The global electrocardiography (ECG) market is expected to reach $157.9 million in 2015 with an annual growth rate of 3.7 percent, compared with a market valued at $122.2 million in 2008, according to estimates from market research firm GlobalData.
"Significant operational cost reduction that can be achieved through the adoption of ECG data-management systems by the hospitals and technological innovation are expected to drive the market," the report stated.
The researchers found that hospitals can gain significant operational cost reduction through the adoption of ECG data-management systems.
"Considerable costs are associated with the manual storage of large volumes of patient ECG data, administration and transaction," they wrote. "Savings of $2 per ECG test can translate into $600 million in savings for the hospitals, considering 300 million ECG tests are performed annually in the United States."
The firm said that healthcare infrastructure growth is expected to be in the low-single digits in 2009 in the United States, despite the economic downturn.
In the fourth quarter of 2007, a total of $41 billion was spent on the construction of hospitals and clinics. More than 3,000 projects (including hospitals, outpatient clinics) are currently under development in the United States. Approximately 20 percent of the existing hospitals are planning on facility modernization.
GlobalData also noted that the market is stimulated by the trend in new hospital construction, and particularly, the increasing number of specialty hospitals (with cardiovascular, cancer and orthopedic in the forefront).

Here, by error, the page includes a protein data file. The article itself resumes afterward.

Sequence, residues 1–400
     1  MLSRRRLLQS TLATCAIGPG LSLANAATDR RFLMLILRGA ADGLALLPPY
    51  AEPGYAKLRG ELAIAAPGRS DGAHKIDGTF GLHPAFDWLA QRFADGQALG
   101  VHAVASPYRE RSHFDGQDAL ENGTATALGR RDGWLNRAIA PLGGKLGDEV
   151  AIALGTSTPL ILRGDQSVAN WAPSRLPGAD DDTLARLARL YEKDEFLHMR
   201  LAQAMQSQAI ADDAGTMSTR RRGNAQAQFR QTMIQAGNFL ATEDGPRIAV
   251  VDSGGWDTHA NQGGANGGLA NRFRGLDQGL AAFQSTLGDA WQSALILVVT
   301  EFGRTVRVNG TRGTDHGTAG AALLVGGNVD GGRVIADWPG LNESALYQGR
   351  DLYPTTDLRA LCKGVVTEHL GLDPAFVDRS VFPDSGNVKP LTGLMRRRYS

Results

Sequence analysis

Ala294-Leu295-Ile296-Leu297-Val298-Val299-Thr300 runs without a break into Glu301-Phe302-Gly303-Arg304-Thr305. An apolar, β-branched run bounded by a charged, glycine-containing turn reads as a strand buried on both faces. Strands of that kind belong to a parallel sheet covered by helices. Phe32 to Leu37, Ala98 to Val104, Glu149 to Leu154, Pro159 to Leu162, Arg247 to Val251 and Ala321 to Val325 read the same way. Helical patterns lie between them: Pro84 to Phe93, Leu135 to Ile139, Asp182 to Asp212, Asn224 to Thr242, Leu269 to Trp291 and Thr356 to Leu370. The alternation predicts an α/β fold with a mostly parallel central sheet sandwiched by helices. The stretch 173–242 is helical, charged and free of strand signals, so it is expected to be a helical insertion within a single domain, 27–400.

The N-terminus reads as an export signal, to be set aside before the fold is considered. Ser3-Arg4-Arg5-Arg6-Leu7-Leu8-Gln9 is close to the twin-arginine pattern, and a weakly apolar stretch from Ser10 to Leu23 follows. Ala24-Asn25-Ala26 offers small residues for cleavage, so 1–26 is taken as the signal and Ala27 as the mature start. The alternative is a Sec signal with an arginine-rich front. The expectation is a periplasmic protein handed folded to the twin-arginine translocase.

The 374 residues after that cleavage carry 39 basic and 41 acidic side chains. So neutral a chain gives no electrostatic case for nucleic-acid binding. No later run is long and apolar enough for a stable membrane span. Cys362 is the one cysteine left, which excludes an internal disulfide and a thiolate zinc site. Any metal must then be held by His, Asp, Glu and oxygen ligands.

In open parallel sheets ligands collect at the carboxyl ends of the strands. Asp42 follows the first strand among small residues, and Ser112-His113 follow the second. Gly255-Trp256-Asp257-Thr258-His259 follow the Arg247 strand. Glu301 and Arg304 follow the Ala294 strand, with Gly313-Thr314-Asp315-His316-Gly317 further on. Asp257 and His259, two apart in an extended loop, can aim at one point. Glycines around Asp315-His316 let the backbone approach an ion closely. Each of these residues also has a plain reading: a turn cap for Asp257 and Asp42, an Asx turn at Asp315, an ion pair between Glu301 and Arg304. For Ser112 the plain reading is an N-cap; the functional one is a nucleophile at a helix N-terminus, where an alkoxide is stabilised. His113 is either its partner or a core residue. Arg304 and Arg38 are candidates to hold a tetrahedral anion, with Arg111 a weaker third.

"Expanding into emerging economies like China, India, Russia and Brazil should be a key priority for ECG data-management companies in the future," the firm stated.
The researchers said that China and India are growing economically at a rate of 5 to 7 percent, in spite of the global downturn. These countries are also the most populous countries, and have a high incidence of cardiac diseases.
The authors said that emerging economies have established healthcare facilities that can afford ECG data-management systems. An added advantage in emerging economies is that a good percentage of the hospitals are run by the government.
The Chinese government recently issued a stimulus package of $100 million for improving the healthcare system. GlobalData noted that GE Healthcare and Philips Healthcare have a strong presence in the Chinese ECG market, and "should be able to capitalize on the stimulus package."
According to the authors, GE has a 50 percent market share in the global ECG data-management systems market. Philips, with 24 percent, and Cardiac Science, with 12 pecent, are the other leading players in the market. GE has lost some of its market share in the last five years to younger companies such as Mortara Instrument and Suzuken Kenz, the authors noted.